“Utilizing examiner interviews during prosecution can help expedite the process, reduce costs, and keep the prosecution history clean (i.e., by avoiding or reducing prosecution history estoppel).”
In Part I of this series we discussed how patent portfolio managers should be careful when generating company-owned prior art or reviewing competitor prior art, and how a patent litigation or licensing campaign can be significantly hamstrung based on how the United States and Europe consider intervening prior art. In Part II, we examined software patents with U.S. and European Patent (EP) family members. Part III builds on Parts I and II and focuses on the value of examiner interviews in the U.S. and Europe.
Value of Examiner Interviews
Patent portfolio developers should push to have an interview with the examiner in every application where reasonable, regardless of whether it is a U.S. or European application.
Examiner interviews have historically been very helpful for applicants and are highly recommended in the United States during patent prosecution. Utilizing examiner interviews during the prosecution can help expedite the process, reduce costs, and keep the prosecution history clean (i.e., by avoiding or reducing prosecution history estoppel). Additionally, during an interview, applicants can better understand an examiner’s position on a particular issue or work through some arguments with the examiner (e.g., regarding obviousness) before putting limiting statements into writing in a response. Notably, although examiners are supposed to summarize in writing everything that happens during an interview, they often write a very brief summary without going into much detail. Such brief summaries are good for patent owners because they show the examiner’s consideration of certain issues but create little or no prosecution history estoppel.
U.S. Examiner Interviews: Have an Agenda
The agenda is key in a U.S. examiner interview. Most examiners will ask the applicant to submit an agenda by fax or email in advance of the interview to summarize issues for discussion. From experience, it is better to fax the interview agenda because it is less likely to be entered into the file wrapper. Even if an examiner does not make such a request, it can be advantageous to provide some pre-interview guidance to the examiner about the focus of your arguments, relevant portions of the prior art references, and/or potential claim amendments so that the examiner can adequately prepare for the interview and the parties can hopefully reach agreement during the interview. Applicants should avoid making statements in the agenda that could create unwanted prosecution history estoppel if the agenda is placed in the file wrapper. Instead, include only brief arguments that identify the relevant claim language and the portions of the reference that show why the rejection is deficient. Proposed claim amendments can be included in the agenda in addition to or instead of written arguments. It is usually a good idea to only include arguments and/or amendments for the independent claims to help focus the discussion.
For European companies, the U.S. examiner interview may also be a chance to test auxiliary requests. A unique feature of pre- and post-grant procedures at the European Patent Office (EPO) is the ability to file auxiliary requests. An auxiliary request is an auxiliary claim set filed at the same time as the main claims that are being pursued. The auxiliary request is considered only if the EPO deems the main claims being pursued as unallowable. Auxiliary requests may be filed during the written examination. Technically, auxiliary requests do not exist in the United States, but the interview is a chance to test auxiliary requests because the examiner will provide his or her thoughts on amendments (even if different than the agenda) when asked. Of course, the examiner will probably also ask the applicant to file the official amendments before officially agreeing with an amendment.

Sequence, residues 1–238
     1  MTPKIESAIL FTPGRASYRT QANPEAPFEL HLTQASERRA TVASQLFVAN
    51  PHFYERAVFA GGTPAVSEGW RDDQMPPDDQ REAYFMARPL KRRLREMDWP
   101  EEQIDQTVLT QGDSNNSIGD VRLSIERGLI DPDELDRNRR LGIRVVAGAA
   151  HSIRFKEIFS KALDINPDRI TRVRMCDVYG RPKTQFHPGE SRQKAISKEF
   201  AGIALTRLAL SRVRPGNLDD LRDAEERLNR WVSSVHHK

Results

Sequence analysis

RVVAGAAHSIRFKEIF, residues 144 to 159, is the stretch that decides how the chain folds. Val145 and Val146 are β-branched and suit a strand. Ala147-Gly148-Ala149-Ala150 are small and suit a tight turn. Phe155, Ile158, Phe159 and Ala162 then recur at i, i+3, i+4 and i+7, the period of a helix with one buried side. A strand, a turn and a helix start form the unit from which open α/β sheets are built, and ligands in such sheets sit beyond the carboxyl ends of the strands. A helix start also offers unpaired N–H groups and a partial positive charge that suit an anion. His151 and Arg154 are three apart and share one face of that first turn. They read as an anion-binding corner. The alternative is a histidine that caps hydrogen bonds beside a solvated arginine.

European Examiner Interviews: Use Them
Examiner interviews at the EPO are typically underutilized. The EPO itself has begun to encourage examiner “consultations” or telephone interviews during patent prosecution. A consultation request is free and easy to do—an applicant simply calls or emails the examiner to schedule an interview. It is also helpful if the applicant includes such request at the end of their Office Action Response (e.g., “In the unexpected case that the Examination Division still has concerns about the allowability of the claims, the Division is respectfully asked to solve open questions by telephone enquiry with the signee.”). Finally, because many national courts in Europe do not use prosecution history estoppel, interview records at the EPO have less risk for the patentee versus the U.S. Patent and Trademark Office, where the interview can create such estoppel.
Consider the Differences
To implement a successful strategy for establishing U.S. and European patent family members and working in concert with both systems, entities should consider substantive differences between the patent systems. Specifically, patent portfolio managers, patent attorneys, and litigators should consider substantive differences between U.S. examination, U.S. courts, European examination, and national courts in Europe related to intervening prior art, software patents, and examiner interviews as discussed in Parts I, II, and III of this article.
Information in this series has been sourced from U.S. patent attorneys, EPO patent attorneys, German patent attorneys, and attorneys who have practiced in both the U.S. and Europe for decades.
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